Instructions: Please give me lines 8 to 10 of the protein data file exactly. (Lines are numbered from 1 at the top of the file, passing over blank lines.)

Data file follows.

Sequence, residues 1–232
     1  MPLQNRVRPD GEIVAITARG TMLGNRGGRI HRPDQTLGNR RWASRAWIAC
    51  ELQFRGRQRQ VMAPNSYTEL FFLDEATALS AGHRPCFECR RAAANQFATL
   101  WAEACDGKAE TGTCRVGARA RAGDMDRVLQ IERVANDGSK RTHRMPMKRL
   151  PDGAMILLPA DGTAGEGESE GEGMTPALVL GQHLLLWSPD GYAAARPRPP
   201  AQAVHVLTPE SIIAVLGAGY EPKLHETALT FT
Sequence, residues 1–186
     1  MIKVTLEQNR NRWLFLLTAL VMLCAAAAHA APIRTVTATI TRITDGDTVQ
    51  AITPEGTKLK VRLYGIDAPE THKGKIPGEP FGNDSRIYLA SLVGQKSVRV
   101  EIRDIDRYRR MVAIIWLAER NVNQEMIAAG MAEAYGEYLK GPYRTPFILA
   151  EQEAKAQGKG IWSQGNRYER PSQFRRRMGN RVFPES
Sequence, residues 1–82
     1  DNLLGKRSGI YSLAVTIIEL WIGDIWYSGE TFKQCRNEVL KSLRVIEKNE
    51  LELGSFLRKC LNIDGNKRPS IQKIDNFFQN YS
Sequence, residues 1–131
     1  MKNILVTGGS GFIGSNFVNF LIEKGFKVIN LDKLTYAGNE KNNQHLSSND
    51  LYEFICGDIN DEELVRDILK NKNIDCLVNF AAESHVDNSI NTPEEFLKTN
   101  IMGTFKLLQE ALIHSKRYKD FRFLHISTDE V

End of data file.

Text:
     1  MIKVTLEQNR NRWLFLLTAL VMLCAAAAHA APIRTVTATI TRITDGDTVQ
    51  AITPEGTKLK VRLYGIDAPE THKGKIPGEP FGNDSRIYLA SLVGQKSVRV
   101  EIRDIDRYRR MVAIIWLAER NVNQEMIAAG MAEAYGEYLK GPYRTPFILA